“Their heart cried to The LORD. O wall of the daughter of Zion, let tears stream down like a torrent day and night! Give yourself no rest, your eyes no respite! “Arise, cry out in the night, at the beginning of the night watches! Pour out your heart like water before the presence of The LORD! Lift your hands to him for the lives of your children, who faint for hunger at the head of every street.””
Here we see Jeremiah speaking to the wall in prophetic voice, instructing the people to cry out at the beginning of the night watches. Beginning for the Hebrews is rô‘sh / ראשׁ, meaning beginning, of first in rank, or time or place and for the first watch in Hebrew also meant the “most easily shaken”. This was the apostolic watch and the first watch of the new day, for the Hebrews reckoned sunset as the start of the day. This first watch had and has, therefore, great prophetic significance when viewed from their worldview. Jeremiah tells the people to pour out their hearts like a torrent of water before The LORD. This was the time for prayers of the homes and the time for the darkness to be filled with spiritual light. This was the time to pray against the darkness, before darkness and its powers had time to consolidate themselves.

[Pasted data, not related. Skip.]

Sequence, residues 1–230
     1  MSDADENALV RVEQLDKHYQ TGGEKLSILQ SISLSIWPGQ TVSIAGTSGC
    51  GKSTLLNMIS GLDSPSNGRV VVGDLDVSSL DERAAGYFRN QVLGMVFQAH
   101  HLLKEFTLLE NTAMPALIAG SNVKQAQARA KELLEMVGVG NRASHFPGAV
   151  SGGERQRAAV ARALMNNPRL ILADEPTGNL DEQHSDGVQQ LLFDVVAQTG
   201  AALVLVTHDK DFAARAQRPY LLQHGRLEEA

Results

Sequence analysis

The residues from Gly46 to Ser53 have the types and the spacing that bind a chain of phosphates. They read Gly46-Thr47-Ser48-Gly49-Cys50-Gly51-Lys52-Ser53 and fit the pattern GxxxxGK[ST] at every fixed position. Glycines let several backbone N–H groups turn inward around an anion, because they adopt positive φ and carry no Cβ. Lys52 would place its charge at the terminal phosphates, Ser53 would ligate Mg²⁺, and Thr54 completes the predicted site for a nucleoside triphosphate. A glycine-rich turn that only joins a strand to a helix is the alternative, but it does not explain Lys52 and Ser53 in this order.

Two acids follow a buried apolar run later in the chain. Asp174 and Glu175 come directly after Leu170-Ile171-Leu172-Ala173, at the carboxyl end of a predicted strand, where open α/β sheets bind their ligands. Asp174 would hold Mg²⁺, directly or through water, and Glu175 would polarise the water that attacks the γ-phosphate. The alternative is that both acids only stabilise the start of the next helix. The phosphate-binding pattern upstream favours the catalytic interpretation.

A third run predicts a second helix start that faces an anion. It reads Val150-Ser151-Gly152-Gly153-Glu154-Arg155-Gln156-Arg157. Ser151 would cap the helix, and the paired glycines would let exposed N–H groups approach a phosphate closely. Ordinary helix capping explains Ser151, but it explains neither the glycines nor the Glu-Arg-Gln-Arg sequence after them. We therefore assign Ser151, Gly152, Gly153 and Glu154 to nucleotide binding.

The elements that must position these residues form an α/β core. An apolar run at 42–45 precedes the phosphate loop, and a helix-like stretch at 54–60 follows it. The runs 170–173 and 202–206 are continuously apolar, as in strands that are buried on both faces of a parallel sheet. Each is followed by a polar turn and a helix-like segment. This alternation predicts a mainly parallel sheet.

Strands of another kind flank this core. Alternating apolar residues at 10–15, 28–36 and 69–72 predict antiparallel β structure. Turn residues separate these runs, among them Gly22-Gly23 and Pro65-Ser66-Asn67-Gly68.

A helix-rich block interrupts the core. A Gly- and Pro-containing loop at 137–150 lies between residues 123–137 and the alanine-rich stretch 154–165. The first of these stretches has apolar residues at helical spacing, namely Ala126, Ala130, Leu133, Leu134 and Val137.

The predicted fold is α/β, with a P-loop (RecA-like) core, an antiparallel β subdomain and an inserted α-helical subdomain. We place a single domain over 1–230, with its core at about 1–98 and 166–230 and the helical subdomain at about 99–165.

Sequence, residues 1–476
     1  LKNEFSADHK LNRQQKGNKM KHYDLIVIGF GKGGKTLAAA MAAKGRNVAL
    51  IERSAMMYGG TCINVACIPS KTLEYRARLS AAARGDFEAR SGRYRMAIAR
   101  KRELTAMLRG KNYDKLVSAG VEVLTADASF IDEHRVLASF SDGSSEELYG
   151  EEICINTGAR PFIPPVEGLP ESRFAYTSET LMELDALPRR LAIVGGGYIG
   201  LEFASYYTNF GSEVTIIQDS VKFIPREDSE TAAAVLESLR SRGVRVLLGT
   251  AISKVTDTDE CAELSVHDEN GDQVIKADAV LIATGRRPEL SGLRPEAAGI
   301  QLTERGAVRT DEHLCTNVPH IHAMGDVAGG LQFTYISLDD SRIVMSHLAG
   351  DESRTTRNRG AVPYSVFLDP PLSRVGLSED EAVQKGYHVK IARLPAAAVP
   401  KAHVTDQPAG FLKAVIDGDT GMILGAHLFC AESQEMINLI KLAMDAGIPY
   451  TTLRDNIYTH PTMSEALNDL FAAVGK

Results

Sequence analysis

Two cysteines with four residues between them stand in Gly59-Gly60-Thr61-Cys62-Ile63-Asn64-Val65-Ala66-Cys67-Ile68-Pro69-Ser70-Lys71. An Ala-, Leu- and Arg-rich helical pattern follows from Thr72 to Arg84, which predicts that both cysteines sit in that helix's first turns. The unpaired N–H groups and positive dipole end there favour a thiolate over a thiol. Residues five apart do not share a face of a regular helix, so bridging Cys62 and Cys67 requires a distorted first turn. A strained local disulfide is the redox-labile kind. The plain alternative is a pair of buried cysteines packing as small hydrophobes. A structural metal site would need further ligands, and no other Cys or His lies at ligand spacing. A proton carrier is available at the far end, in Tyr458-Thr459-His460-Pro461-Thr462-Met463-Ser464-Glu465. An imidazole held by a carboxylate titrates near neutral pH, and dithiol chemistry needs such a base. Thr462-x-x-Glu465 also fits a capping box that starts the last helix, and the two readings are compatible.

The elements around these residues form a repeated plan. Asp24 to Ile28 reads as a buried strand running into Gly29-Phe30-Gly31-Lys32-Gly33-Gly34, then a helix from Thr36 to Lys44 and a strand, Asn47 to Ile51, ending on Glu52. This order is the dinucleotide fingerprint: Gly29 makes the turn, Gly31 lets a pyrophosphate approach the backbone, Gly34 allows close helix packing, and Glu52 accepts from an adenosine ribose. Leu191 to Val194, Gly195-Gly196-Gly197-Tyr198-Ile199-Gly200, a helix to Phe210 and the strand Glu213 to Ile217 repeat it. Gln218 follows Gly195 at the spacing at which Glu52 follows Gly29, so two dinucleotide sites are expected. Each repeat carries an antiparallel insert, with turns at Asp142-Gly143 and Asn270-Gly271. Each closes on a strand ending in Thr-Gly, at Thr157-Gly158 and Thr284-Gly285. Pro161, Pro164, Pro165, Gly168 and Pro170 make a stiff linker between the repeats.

The Middle Watch: 10:00 pm. – 2:00 am.
Judges 7:19 says
“So Gideon and the hundred men who were with him came to the outskirts of the camp at the beginning of the middle watch, when they had just set the watch. And they blew the trumpets and smashed the jars that were in their hands.”